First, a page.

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If you have a relationship/dating question I can help answer, you can send me your letters at wendy(AT)dearwendy.com.


  1. anonymousse says:

    I think Wendy is spot on. Let Chuck visit you at a park or your house. Don’t let him take your son anywhere.

  2. LisforLeslie says:

    Actually what I would say is that since he has absolutely no experience parenting a 6 year old, I wouldn’t let him take him anywhere until I was comfortable. This guy is a virtual stranger. This guy has seen his son 6 times in 8 months, that’s less than once a month. I’d want to participate, however uncomfortable, until I had a better sense of who all of these other people are and make sure that my kid was safe.

    Does the ex have a car seat for the kid? The right kind of car seat for his height and weight? Does he understand any allergies and medical needs?

    Tell your ex that your primary concern is for your son, so you recommend a schedule of play dates where he is welcome to come, with the baby and meet up. Then commit to it. Whether or not your ex shows up, could be afternoon at a park where you bring a picnic lunch, half a day at a trampoline park or something like that. Something fun for your kid to do whether or not the ex shows up.

    Record everything. Email the schedule. Note when he shows up. If he starts demanding visitation – drag him to court. Seriously. He hasn’t paid a dime in child support. He barely knows the child. He likely couldn’t even tell the judge the name of his elementary school, let alone his teacher, principal or favorite subject. You control this – you decide what is best.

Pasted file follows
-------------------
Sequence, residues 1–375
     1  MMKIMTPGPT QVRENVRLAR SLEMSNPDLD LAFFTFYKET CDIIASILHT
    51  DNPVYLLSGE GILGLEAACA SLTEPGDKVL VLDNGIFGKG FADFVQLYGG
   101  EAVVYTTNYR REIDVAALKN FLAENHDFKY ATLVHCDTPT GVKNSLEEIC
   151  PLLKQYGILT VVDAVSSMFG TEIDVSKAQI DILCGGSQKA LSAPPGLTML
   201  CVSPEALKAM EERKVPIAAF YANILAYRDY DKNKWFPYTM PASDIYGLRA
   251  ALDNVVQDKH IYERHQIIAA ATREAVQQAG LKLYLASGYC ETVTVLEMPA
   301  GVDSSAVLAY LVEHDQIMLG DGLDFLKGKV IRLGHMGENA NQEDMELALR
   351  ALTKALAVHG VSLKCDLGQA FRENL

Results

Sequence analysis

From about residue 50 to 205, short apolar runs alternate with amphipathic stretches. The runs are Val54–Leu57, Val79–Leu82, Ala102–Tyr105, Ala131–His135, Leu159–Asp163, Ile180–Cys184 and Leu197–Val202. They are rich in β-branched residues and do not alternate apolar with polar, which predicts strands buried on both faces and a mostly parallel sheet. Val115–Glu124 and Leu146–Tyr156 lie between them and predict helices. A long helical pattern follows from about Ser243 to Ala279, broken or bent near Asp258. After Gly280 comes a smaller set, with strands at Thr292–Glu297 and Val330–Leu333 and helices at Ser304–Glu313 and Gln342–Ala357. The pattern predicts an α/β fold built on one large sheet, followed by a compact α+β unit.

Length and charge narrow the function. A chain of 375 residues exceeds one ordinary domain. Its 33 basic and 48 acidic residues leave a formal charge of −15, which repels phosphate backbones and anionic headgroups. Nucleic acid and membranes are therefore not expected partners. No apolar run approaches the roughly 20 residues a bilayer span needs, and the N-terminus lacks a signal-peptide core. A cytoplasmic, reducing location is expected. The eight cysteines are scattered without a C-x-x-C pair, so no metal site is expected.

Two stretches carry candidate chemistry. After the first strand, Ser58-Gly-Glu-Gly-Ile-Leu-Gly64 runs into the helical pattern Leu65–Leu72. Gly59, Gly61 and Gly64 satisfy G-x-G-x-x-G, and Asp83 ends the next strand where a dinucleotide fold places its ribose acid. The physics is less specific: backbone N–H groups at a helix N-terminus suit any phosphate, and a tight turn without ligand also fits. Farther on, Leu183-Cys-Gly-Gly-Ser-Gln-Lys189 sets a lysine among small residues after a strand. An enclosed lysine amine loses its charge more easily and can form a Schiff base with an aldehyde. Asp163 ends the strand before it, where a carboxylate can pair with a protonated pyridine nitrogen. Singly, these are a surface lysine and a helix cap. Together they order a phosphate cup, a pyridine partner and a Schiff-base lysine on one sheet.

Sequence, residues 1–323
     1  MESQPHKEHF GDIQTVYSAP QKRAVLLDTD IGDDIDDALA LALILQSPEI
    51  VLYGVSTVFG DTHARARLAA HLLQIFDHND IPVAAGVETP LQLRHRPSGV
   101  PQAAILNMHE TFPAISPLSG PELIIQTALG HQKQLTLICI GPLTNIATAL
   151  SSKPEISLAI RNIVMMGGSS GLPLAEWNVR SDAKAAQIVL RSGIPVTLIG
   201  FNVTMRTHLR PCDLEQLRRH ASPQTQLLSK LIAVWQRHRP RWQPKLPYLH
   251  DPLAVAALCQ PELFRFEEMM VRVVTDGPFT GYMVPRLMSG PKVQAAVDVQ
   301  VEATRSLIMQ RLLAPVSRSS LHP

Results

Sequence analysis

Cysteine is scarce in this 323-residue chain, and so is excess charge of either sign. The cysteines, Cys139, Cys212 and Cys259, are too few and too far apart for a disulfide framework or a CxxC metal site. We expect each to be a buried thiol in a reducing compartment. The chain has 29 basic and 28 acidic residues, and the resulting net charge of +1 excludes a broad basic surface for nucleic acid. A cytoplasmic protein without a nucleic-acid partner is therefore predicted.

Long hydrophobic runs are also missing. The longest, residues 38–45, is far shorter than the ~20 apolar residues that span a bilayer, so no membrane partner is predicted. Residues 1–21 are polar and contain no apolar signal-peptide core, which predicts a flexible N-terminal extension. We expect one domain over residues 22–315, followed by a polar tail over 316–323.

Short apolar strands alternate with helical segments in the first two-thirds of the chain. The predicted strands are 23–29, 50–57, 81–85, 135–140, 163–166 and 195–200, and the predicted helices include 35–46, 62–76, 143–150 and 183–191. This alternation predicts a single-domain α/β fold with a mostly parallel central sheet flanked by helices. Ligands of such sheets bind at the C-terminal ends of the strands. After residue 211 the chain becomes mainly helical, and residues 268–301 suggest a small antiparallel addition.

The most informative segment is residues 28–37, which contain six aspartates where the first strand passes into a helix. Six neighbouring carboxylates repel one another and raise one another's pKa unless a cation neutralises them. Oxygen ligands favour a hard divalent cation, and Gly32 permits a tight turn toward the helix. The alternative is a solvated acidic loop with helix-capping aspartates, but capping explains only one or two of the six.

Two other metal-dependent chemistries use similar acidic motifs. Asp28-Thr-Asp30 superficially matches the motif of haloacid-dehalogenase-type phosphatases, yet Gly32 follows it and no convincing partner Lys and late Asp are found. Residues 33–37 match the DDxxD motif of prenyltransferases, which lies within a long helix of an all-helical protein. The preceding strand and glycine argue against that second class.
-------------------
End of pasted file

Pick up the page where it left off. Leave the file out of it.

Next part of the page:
1. golfer.gal says:

      Lisforleslie makes some good points. Your son still needs a booster seat in the car. Does the bio dad have one? Does he know how to parent a child? We ha’ve zero idea who the people living in that trailer are, and given your ex’s track record i wouldn’t put my faith in them being stand up people. You have no idea what sort of abuse, drugs, etc your son may be exposed to there. I second Wendy’s suggestion to limit their time to your house or a public place, with strict time limits and rules about where your son can be taken (i.e. nowhere but the agreed upon public place)

      I get the instinct to protect him, and in many ways this is too little too late. I think allowing him access on your terms, at times that work for you and never, ever in a trailer full of strangers is a good compromise

    2. gr8katch22 says:

      All wonderful things to consider.
      I would like to add to that list, look for a Child Physiologist, and have your little guy start going now. That way if things start to get messy or either of you want to go for a Visitation Schedule & Child Support through the courts, this will really help you to have this already established!
      Good Luck

      1. Do you mean psychologist ?

  3. ele4phant says:

    Re: the graduation, I frankly would’ve been happy to let off the hook for this. Some things are BAF, graduations included, unless maybe it’s YOUR child.